She wasn’t meandering, her feet had purpose. She had been here before. Only she hadn’t. She had only been in Brighton three days and she hadn’t been cruising the shops, she had been out in the residential areas. How could she recognise this place?

She shook her head. These lanes all looked the same, with the little shops and the cafes. She hadn’t really been here before it was just a delayed case of de ja vu.

She turned the next corner and walked along stopping outside a newsagent. What was going on? She turned and look in the newsagents window, in the reflection she could she a large cake in the shape of a cup cake. She approached the window. Why would a newsagent have a cake in their window? As she got close to the window the cake had gone. That was it she was officially going mad. She needed to get back to her hotel room and have a lie down. She turned and there in front of her was the cup cake.

As she walked into the café, she marvelled as to how it was exactly as she remembered it. Three bar stools at a bar in the window, a long counter with large display cabinets full of different types of cup cakes along the far wall and a collection of tables covered in gingham table cloths. What was she thinking ‘exactly as she remembered it’? She had never been here before.

She was obviously exhausted and emotionally drained. She needed a rest and some food. She ordered a strawberry topped cup cake and a coffee and sat at one of the tables. There was no way she had ever been to this café before and she didn’t think she’d ever been inside one like it, but it all felt so familiar. How weird.

Sarah had finished and was debating whether she could justify another cake when a woman about her age walked in and rushed up to the counter.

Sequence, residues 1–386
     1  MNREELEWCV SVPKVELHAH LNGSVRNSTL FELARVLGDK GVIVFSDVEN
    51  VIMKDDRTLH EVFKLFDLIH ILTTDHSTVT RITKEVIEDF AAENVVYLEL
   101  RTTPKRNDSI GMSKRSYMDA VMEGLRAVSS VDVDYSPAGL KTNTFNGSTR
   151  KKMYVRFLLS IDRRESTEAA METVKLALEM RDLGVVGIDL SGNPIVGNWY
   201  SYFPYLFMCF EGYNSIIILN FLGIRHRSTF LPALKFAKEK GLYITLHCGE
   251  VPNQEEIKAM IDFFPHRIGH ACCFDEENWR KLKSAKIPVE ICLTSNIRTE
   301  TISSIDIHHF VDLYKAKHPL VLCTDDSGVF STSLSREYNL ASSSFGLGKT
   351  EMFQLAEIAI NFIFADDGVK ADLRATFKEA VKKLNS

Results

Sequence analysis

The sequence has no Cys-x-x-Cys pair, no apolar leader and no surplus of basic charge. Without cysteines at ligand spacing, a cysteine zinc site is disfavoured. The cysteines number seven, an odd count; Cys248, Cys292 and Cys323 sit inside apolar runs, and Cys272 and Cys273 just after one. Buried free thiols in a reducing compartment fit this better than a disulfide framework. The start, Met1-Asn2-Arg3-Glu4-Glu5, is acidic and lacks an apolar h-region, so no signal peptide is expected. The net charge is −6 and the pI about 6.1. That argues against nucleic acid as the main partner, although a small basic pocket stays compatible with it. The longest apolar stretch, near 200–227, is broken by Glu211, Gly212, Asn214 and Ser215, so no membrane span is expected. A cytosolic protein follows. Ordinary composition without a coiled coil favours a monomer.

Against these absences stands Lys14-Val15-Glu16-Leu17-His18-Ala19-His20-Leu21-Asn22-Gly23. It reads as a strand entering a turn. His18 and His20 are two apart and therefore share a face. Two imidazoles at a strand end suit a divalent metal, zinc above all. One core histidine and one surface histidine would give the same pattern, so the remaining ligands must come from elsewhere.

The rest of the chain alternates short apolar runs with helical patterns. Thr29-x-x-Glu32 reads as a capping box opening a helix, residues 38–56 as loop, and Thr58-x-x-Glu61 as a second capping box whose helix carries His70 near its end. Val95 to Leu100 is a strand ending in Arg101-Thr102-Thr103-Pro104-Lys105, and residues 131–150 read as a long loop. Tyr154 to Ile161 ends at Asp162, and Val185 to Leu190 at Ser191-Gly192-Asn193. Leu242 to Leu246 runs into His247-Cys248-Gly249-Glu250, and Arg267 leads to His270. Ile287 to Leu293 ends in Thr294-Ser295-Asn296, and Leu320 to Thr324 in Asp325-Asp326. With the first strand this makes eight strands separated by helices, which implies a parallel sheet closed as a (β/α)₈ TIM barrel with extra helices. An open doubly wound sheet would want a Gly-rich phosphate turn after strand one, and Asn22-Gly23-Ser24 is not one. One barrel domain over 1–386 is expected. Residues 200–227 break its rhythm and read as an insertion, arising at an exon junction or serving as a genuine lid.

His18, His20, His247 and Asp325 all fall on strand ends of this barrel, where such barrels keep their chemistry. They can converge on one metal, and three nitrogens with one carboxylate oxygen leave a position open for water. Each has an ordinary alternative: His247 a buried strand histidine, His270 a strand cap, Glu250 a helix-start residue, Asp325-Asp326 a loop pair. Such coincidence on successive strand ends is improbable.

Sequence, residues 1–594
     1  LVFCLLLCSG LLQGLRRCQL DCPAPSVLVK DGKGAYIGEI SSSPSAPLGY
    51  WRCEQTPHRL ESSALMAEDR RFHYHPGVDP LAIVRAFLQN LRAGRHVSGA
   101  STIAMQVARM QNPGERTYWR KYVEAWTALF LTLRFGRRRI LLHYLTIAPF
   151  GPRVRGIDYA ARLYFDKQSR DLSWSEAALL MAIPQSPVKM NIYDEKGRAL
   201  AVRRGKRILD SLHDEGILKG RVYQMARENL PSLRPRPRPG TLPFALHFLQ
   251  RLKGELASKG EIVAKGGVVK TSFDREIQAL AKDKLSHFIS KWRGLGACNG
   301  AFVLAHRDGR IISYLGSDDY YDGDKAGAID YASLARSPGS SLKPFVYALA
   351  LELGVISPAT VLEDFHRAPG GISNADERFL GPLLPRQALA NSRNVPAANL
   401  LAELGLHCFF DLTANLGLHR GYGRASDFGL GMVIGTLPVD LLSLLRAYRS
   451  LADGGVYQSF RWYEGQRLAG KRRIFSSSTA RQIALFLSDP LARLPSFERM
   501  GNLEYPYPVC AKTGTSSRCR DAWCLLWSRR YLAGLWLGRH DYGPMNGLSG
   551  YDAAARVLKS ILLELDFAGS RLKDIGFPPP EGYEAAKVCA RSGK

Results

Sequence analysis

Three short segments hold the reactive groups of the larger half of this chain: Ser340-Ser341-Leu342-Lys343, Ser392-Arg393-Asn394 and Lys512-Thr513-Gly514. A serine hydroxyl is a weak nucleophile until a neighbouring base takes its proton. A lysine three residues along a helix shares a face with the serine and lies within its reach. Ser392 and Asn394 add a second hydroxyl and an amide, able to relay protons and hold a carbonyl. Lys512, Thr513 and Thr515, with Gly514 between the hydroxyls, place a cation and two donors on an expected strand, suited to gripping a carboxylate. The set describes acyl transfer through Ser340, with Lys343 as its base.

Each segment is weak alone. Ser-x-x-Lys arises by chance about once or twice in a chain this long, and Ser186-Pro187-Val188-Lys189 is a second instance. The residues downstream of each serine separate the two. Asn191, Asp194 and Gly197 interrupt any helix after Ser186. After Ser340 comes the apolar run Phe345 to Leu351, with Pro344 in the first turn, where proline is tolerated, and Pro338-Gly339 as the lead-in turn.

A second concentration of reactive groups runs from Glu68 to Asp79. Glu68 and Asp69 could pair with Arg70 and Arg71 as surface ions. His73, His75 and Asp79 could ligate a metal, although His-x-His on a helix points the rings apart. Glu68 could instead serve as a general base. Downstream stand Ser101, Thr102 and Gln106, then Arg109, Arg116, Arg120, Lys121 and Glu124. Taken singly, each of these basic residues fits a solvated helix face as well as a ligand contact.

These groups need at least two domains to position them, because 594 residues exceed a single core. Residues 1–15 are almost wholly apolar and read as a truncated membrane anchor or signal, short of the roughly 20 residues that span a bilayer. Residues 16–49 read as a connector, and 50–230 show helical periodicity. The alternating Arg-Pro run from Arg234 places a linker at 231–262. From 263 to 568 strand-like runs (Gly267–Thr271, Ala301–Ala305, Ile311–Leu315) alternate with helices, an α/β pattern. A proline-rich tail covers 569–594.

‘Oh thank god you’ve got plenty left. My batch of cupcakes for the parents evening have gone horribly wrong and I don’t have the time to make anymore. Can I take a mixed box of twenty four please?’

‘Of course. I will need to go and fetch some carry boxes out of the back. If you can give me two minutes,’ the girl behind the counter said as she turned and disappeared.

The woman stood at the counter and started to look around. Sarah looked up to see the woman was staring at her.

‘Josie, Josie Kendal is that you?’ the woman said as she rushed over to Sarah’s table. ‘It is you. You remember me? I’m Mary Montford. We went to St Ignatius Primary together.’

Sarah looked at the woman, squinting to see if she recognised her.

‘I always wondered what happened to you.’ Mary continued. ‘The summer after we were six you didn’t come back we never saw you again. What happened?’

‘I’m sorry,’ Sarah muttered as she finally managed to get a word in. ‘You must have me mistaken for someone else.’

‘Don’t be silly. You haven’t changed a bit.’

‘Look I don’t know who you think I am, but I am not her.’ Sarah got up and tried to leave.

Mary stood in her way, ‘I don’t know what you mean but I know you are Josie Kendal.’

Sarah pushed passed the women and rushed out into the street. She ran along the lanes until she was out of breath. She stopped and looked around her, no idea which way she had run or where she was. On the opposite side of the road was a bench and she carefully crossed over a sat down.

She took two deep breaths and reached inside her handbag for a tissue. She wiped her eyes and blew her nose. She went to get another tissue and as she did she saw Paul’s note lying in the bottom of her bag. Everything had gone wrong since the day he left.

‘What are you doing in Brighton?’ her mother’s voice questioned down the phone.

‘I needed a break and here seemed as good a place as any,’ Sarah said, leaning back on her hotel bed. How her mother managed to make her feel like a small child always amazed her.

Sarah had never known her dad; he had died in an accident when she was very small and so it had always been just her and her mum.